Picking the most influential Rush album is a tough undertaking, particularly as a Canadian. In Canada, “What is your favourite Rush album?” is asked at citizenship tests, job interviews, wedding ceremonies, divorce proceedings and first dates…. and you better get it right, OK!
Now, personally, “A Farewell To Kings” and “Permanent Waves” were the first Rush albums I owned and as such are “closer to the heart”. Those two, reasonably, could be the best Rush albums, that or “Moving Pictures”, right? However, “Fly By Night” (1975) is slowly becoming my favourite Rush album, despite it being the one that I have didn’t listen to that much when I was younger, having never owned it.
“Fly By Night“ was Rush’s sophomore album after their first, self-titled debut, “Rush” (1974). This second album is notably the first Rush album to feature Neil Peart, after replacing original drummer, John Rutsy. Now, to be clear, the first Rush album is awesome and Rutsy’s contribution should never be undermined. However, there is no Rush without Neil Peart and his transformative effect can be immediately heard, from the beginning of “Fly By Night” with (their) “Anthem”. An “anthem” quite literally, it became a defining moment for the band. The song is a sort of self-scribed manifesto about being fearless in your convictions.
Know your place in life is where you want to be
Don’t let them tell you that you owe it all to me
Keep on looking forward, no use in looking ’round
Hold your head above the crowd and they won’t bring you down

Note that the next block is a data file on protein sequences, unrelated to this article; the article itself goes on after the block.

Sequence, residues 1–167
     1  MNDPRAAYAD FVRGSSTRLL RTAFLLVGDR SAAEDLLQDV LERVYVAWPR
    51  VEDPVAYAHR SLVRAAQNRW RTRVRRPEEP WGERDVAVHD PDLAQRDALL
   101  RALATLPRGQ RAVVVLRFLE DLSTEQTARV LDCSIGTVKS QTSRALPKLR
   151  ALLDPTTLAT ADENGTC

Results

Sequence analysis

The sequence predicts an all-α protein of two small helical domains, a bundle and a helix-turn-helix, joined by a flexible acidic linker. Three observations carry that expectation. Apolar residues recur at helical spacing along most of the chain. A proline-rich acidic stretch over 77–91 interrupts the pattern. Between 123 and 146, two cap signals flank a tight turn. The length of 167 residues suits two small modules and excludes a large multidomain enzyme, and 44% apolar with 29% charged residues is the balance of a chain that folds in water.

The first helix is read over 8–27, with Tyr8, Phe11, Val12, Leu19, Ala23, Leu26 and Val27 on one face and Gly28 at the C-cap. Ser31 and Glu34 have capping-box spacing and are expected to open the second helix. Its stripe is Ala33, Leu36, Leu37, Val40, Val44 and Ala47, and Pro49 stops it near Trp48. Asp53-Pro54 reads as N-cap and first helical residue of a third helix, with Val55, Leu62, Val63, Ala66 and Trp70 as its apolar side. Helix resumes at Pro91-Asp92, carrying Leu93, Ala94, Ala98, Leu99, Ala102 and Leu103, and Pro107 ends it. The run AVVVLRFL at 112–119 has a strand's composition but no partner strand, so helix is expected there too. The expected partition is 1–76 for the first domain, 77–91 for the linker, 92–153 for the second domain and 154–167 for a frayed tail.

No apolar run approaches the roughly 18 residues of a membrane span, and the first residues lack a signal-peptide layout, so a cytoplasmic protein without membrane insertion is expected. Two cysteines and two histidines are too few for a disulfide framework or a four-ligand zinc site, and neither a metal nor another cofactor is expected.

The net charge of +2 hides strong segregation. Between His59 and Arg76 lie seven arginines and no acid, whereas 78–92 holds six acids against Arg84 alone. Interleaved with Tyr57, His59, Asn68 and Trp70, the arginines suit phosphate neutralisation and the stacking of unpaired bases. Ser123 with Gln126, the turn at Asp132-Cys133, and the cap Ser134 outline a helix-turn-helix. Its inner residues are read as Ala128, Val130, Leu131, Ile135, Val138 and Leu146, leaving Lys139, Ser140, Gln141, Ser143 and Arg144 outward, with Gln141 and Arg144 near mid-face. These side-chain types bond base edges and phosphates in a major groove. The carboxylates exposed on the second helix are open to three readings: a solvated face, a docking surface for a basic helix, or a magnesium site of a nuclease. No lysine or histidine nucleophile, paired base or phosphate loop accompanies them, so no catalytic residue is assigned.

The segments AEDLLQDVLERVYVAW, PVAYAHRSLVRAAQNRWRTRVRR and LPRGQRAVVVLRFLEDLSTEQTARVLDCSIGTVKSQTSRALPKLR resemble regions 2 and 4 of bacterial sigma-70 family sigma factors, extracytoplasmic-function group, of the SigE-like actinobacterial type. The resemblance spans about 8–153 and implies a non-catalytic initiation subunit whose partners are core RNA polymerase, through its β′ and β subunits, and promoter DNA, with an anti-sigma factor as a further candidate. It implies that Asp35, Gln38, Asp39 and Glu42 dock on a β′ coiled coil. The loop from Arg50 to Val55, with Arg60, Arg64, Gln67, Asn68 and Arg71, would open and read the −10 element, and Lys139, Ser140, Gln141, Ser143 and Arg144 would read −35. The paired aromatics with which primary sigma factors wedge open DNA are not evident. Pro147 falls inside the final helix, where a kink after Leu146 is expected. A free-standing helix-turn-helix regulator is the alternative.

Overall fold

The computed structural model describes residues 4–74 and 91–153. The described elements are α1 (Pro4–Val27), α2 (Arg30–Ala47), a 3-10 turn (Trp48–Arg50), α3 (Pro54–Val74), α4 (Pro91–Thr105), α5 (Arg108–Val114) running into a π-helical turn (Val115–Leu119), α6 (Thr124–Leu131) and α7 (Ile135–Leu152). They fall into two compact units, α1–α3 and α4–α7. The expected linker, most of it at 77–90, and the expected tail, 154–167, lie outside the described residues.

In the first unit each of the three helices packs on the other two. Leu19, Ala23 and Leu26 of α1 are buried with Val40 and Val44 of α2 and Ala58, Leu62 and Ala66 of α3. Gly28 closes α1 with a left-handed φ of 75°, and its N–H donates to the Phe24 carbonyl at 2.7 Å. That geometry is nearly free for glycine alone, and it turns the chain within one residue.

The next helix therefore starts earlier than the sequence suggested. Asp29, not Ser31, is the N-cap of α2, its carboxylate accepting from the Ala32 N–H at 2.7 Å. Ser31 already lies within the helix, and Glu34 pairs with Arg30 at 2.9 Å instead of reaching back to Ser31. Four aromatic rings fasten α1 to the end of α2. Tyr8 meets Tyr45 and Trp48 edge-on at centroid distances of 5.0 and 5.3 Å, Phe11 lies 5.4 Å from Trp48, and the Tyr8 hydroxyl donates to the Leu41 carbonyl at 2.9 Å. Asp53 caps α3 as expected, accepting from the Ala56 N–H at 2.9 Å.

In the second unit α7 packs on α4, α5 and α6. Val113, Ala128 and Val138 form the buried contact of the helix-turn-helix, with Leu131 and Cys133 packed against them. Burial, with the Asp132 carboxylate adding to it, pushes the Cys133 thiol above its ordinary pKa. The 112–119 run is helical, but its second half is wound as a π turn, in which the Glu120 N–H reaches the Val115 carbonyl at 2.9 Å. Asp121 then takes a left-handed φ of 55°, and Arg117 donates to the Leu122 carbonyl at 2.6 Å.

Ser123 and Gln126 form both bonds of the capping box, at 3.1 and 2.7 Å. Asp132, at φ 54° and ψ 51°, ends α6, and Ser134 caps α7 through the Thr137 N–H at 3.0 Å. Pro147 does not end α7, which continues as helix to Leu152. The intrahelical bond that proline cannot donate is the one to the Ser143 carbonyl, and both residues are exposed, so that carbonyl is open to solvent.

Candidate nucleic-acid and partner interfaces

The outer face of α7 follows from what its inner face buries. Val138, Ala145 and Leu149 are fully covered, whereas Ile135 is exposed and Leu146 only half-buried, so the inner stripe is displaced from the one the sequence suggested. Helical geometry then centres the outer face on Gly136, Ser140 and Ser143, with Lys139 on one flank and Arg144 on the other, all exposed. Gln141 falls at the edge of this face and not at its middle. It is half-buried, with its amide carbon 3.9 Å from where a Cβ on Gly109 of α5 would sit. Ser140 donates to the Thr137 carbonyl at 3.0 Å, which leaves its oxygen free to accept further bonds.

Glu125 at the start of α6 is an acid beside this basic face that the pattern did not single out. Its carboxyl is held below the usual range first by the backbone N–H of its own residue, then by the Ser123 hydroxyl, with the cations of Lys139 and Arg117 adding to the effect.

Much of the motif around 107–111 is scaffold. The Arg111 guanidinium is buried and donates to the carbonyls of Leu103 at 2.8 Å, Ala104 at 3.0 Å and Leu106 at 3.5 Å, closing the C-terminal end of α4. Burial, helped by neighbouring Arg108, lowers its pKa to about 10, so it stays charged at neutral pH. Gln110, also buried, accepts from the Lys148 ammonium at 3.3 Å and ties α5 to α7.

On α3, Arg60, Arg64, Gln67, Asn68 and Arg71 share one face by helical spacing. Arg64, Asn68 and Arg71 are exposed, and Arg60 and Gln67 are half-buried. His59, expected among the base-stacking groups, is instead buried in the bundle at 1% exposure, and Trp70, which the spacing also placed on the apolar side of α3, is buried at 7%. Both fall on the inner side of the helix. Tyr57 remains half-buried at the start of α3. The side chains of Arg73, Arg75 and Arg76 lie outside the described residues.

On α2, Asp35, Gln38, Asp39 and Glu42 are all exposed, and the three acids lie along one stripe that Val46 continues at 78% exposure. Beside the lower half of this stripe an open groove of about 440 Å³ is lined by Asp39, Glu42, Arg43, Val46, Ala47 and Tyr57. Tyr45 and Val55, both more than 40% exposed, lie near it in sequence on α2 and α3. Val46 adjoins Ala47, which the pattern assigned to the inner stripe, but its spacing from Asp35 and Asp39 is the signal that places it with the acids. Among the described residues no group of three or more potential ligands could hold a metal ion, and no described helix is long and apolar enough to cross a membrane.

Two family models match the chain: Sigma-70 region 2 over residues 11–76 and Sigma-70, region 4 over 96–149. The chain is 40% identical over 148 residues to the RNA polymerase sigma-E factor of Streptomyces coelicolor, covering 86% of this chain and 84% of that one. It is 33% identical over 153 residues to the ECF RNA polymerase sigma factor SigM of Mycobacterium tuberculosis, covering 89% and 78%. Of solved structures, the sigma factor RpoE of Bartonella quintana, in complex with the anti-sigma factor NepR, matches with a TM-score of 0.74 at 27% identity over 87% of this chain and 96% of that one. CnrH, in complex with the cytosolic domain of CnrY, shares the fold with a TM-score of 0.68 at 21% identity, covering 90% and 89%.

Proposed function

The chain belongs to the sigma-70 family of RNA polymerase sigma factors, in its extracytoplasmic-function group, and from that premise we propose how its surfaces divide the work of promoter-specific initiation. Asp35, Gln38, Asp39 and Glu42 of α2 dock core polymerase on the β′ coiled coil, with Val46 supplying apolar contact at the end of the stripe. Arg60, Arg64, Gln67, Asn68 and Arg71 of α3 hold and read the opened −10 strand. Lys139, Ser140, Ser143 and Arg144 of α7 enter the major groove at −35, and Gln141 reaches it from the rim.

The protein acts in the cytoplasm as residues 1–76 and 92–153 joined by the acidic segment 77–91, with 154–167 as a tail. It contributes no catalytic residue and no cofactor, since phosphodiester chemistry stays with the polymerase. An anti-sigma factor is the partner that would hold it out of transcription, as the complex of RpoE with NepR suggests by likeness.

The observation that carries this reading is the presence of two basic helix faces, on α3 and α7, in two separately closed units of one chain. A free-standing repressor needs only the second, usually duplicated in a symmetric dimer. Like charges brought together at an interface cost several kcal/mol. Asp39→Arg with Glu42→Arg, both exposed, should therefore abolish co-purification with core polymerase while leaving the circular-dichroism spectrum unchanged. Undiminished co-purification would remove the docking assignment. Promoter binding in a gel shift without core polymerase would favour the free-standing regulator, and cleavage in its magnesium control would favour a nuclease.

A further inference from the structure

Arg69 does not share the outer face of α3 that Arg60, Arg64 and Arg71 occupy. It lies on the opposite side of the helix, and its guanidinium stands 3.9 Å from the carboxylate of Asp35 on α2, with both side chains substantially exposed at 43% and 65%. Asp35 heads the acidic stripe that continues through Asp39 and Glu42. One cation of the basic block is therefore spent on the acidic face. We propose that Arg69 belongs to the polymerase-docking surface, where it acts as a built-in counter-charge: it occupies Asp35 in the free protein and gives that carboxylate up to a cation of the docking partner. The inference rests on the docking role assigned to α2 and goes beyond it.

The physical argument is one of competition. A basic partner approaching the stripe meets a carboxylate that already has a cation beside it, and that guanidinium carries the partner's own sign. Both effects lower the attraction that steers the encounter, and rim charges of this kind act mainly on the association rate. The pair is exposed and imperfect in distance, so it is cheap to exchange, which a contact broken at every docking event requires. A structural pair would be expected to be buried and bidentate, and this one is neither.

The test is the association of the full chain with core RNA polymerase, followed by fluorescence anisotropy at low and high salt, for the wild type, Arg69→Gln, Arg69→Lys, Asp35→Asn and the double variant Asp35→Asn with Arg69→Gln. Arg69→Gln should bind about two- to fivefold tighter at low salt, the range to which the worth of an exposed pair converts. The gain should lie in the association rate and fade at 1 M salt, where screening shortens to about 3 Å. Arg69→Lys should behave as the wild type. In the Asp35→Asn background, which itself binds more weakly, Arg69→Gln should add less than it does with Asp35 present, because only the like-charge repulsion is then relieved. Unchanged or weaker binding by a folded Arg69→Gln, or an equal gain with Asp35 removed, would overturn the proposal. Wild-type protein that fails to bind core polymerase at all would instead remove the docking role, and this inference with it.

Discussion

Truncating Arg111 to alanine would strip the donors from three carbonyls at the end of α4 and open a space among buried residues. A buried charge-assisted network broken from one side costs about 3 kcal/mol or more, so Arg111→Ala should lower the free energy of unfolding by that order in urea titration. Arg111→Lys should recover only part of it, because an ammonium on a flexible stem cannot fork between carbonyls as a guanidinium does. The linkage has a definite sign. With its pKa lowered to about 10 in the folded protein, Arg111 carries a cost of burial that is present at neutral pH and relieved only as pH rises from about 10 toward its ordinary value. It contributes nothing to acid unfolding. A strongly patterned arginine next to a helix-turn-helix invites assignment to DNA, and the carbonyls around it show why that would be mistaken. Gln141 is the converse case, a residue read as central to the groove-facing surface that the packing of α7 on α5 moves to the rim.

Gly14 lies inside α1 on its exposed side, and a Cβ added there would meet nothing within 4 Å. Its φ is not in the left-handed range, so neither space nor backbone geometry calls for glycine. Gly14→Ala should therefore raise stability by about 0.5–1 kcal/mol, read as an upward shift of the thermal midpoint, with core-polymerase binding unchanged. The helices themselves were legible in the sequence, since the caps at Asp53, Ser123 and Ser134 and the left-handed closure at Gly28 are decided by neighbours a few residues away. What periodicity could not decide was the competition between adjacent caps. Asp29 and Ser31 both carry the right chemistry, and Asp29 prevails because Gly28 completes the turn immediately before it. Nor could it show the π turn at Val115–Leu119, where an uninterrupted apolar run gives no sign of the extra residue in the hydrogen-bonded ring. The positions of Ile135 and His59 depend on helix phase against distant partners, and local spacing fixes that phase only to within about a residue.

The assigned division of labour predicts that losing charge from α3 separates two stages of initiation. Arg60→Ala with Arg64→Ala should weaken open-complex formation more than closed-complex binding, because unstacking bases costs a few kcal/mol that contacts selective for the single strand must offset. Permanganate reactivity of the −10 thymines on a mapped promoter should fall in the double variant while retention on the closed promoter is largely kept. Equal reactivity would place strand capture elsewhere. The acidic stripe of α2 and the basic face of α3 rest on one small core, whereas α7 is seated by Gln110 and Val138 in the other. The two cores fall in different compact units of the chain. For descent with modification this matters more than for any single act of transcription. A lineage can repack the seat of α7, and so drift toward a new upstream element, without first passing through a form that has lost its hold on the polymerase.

Anthem of the heart and anthem of the mind
A funeral dirge for eyes gone blind
We marvel after those who sought
The wonders in the world, wonders in the world
Wonders in the world they wrought
“Fly By Night” also features other great songs. “The Best That I Can” definitely sounds more like their debut. “Beneath Between And Behind” and “Making Memories” (songs they had and performed before Peart) to me are Rush at their most Zepplin-esque on this album (but you know, in a good way). “By-Tor & The Snow Dog”, is a dog that has bite and also shows Rush’s first real foray into multi-titled, longer progressive rock jams. Something that was hinted at in “Working Man” (that appeared on the first album) with its different changes, but here its more deliberate and experimental with different time changes and moods. Finally, The title track “Fly By Night” is a perfect slice of melodic pop with some great fills.
Be sure to check Rush’s “Fly By Night” mixed with Chilliwack’s “Fly At Night” on Cottage Country Vol. 22: